The object number of this filesystem's delete queue is 2 (it's an old filesystem, having been originally created on Solaris 10). So we can dump the ZFS delete queue:
# zdb -dddd fs3-corestaff-01/h/281 2 Dataset [...] Object lvl iblk dblk dsize lsize %full type 2 2 16K 16K 144K 272K 100.00 ZFS delete queue dnode flags: USED_BYTES USERUSED_ACCOUNTED dnode maxblkid: 16 Fat ZAP stats: [...] ZAP entries: 5 [...] 3977ca = 3766218 3977da = 3766234 397a8b = 3766923 397a87 = 3766919 397840 = 3766336
(The final list here is the ZAP entries themselves, going from some magic key (on the left) to the ZFS object numbers on the right. If we wanted to, we could use these object numbers to inspect (or even read out) the actual things that are pending deletion. This is probably most useful to find out how large they are and thus how much space they should be consuming.)
There are two different forms of ZAPs and
zdb reports how many
entries they have somewhat differently. In the master node we saw
a 'microzap', used when the ZAP is and always has been small. Here
we see a 'Fat ZAP', which is what a small ZAP turns into if at some
point it grows big enough. Once the ZFS delete queue becomes a fat
ZAP it stays that way even if it later only has a few entries, as
we see here.
In this case the ZFS delete queue for this filesystem holds only five entries, which is not particularly excessive or alarming. Our problem filesystem had over ten thousand entries by the time we resolved the issue.
PS: You can pretty much ignore the summary line with its pretty sizes;
as we see here, they have very little to do with how many delete queue
entries you have right now. A growing ZFS delete queue size may be
a problem indicator,
but here the only important thing in the summary is the
which confirms that we have the right sort of objects both for the ZFS
master node and the ZFS delete queue.
PPS: You can also do this exercise for snapshots of filesystems; just use the full snapshot name instead of the filesystem.
(I'm not going to try to cover
zdb usage details at all, partly
because I'm just flailing around with it. See Ben Rockwood's zdb:
Examining ZFS At Point-Blank Range for one
source of more information.)
The pending delete problem for Unix filesystems
Unix has a number of somewhat annoying filesystem semantics that
tend to irritate designers and implementors of filesystems. One of
the famous ones is that you can delete a file without losing access
to it. On at least some OSes, if your program
open()s a file and
then tries to delete it, either the deletion fails with 'file is
in use' or you immediately lose access to the file; further attempts
to read or write it will fail with some error. On Unix your program
retains access to the deleted file and can even pass this access
to other processes in various ways. Only when the last process using
the file closes it will the file actually get deleted.
This 'use after deletion' presents Unix and filesystem designers
with the problem of how you keep track of this in the kernel. The
historical and generic kernel approach is to keep both a link count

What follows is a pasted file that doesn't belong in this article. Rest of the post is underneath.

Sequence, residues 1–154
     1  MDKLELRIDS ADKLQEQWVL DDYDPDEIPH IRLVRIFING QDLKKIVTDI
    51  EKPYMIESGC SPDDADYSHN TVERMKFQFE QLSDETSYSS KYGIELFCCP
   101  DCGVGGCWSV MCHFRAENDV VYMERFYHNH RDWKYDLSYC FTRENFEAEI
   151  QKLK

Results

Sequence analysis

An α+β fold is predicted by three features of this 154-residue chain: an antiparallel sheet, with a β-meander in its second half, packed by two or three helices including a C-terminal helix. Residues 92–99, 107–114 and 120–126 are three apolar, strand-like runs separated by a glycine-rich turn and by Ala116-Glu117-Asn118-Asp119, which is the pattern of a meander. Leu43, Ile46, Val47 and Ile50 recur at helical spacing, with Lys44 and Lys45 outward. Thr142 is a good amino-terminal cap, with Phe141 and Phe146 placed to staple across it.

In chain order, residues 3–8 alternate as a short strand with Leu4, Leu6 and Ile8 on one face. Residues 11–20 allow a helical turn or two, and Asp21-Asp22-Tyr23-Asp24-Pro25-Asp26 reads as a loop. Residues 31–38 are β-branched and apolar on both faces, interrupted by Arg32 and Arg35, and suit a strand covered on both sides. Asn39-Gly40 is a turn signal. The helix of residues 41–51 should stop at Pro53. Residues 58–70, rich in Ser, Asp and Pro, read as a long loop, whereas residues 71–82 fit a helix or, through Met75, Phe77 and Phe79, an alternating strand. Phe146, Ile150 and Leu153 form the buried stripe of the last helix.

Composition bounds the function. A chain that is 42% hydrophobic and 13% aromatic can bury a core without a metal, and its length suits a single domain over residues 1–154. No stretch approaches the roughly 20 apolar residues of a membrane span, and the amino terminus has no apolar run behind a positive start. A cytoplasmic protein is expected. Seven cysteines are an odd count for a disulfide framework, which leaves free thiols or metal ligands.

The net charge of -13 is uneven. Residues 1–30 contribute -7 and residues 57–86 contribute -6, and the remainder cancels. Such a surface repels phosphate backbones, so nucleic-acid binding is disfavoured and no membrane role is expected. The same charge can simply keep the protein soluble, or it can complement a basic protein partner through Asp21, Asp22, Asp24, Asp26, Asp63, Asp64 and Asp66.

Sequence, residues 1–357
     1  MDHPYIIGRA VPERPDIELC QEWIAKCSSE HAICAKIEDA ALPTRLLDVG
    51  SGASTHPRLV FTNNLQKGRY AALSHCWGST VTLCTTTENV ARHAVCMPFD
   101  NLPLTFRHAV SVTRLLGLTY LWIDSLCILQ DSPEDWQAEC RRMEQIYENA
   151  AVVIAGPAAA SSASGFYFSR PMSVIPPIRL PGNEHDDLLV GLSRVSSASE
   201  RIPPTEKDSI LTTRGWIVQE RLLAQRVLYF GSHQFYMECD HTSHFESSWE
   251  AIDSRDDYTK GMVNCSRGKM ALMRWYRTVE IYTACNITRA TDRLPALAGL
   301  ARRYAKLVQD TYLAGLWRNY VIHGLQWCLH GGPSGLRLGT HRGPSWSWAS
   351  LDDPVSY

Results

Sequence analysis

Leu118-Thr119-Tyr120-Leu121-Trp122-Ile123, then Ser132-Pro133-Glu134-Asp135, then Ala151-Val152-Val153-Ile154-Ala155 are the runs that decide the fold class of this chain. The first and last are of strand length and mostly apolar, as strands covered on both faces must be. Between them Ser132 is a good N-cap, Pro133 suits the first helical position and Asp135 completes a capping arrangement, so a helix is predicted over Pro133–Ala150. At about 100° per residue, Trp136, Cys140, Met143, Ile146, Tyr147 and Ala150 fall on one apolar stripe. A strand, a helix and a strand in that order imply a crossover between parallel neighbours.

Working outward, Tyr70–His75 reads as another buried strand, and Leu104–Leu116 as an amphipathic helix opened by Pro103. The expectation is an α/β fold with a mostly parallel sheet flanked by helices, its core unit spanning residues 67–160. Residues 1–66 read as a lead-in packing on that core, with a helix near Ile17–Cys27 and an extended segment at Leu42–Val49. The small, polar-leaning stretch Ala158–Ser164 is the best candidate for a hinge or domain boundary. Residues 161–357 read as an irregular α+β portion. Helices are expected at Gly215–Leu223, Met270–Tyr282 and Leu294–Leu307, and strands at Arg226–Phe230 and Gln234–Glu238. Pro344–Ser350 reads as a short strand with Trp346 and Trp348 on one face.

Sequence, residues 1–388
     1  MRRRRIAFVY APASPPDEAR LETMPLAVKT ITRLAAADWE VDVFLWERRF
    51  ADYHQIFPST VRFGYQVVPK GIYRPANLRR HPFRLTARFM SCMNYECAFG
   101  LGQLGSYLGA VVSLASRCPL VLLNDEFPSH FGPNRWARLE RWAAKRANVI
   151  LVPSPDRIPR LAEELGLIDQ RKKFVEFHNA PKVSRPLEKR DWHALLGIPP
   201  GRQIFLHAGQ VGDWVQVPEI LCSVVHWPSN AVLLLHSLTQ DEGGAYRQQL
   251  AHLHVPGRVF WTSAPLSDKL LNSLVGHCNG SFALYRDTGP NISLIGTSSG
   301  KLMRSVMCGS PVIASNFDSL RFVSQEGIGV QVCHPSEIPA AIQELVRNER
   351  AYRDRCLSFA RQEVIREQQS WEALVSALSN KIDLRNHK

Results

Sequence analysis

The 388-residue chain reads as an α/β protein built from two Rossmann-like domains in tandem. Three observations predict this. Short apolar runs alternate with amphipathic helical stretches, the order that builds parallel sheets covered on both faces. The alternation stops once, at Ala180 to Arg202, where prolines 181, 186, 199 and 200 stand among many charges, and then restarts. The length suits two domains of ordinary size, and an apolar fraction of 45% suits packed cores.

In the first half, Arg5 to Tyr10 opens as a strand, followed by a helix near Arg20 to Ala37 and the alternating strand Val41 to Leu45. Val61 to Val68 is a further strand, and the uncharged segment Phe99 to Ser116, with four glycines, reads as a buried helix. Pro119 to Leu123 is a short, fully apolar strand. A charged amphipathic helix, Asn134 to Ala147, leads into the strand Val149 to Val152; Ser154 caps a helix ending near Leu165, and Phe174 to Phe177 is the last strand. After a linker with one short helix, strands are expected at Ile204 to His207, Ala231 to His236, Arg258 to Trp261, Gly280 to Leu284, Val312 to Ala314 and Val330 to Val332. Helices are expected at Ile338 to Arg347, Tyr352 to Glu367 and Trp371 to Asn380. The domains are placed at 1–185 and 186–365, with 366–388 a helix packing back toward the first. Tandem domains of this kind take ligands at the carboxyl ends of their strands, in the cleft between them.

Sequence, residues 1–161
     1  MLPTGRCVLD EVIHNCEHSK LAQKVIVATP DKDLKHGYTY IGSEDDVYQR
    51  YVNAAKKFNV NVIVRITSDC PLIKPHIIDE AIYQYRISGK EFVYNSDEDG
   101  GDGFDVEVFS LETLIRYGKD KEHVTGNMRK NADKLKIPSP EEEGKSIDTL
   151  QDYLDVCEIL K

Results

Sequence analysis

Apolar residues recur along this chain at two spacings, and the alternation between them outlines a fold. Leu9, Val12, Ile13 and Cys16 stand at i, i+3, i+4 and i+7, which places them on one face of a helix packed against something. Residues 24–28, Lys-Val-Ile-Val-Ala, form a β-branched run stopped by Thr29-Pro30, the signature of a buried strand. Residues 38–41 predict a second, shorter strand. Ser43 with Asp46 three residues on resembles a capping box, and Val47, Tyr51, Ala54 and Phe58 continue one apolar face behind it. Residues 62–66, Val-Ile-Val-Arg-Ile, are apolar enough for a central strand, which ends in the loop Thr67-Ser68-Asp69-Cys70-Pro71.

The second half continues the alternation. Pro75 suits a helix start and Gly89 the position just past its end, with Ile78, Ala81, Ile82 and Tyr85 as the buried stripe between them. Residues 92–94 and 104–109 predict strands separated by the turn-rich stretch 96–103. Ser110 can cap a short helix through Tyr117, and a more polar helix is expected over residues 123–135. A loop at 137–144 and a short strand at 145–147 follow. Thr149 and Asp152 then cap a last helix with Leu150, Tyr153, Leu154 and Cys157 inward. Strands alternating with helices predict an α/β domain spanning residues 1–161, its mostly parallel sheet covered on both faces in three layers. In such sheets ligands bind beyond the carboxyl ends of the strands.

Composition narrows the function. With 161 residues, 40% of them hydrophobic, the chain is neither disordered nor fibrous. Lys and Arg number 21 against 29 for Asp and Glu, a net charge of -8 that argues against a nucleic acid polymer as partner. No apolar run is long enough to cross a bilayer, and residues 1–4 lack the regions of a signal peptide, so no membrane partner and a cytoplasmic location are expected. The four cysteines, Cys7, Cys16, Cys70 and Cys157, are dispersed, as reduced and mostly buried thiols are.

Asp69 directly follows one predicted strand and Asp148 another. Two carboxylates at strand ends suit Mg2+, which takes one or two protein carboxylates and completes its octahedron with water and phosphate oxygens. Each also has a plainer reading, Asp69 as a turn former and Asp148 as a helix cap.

and a reference count for each active inode; an inode is only marked
as unused and the filesystem told to free its space when both counts
go to zero. Deleting a file via
unlink() just lowers the link
count (and removes a directory entry); closing open file descriptors
is what lowers the reference count. This historical approach ignored
the possibility of the system crashing while an inode had become
unreachable through the filesystem and was only being kept alive
by its reference count; if this happened the inode became a zombie,
marked as active on disk but not referred to by anything. To fix
it you had to run a filesystem checker, which would
find such no-link inodes and actually deallocate them.
(When Sun introduced NFS they were forced to deviate slightly from this model, but that's an explanation for another time.)
Obviously this is not suitable for any sort of journaling or 'always
consistent' filesystem that wants to avoid the need for a
after unclean shutdowns. All such filesystems must keep track of
such 'deleted but not deallocated' files on disk using some mechanism
(and the kernel has to support telling filesystems about such
inodes). When the filesystem is unmounted in an orderly way, these
deleted files will probably get deallocated. If the system crashes,
part of bringing the filesystem up on boot will be to apply all of
the pending deallocations.
Some filesystems will do this as part of their regular journal; you journal, say, 'file has gone to 0 reference count', and then you know to do the deallocation on journal replay. Some filesystems may record this information separately, especially if they have some sort of 'delayed asynchronous deallocation' support for file deletions in general.
(Asynchronous deallocation is popular because it means your process
unlink() a big file without having to stall while the kernel
frantically runs around finding all of the file's data blocks and
then marking them all as free. Given that finding out what a file's
data blocks are often requires reading things from disk, such deallocations can be relatively
slow under disk IO load (even if you don't have other issues there).)
PS: It follows that a failure to correctly record pending deallocations or properly replay them is one way to quietly lose disk space on such a journaling filesystem. Spotting and fixing this is one of the things that you need a filesystem consistency checker for (whether it's a separate program or embedded into the filesystem itself).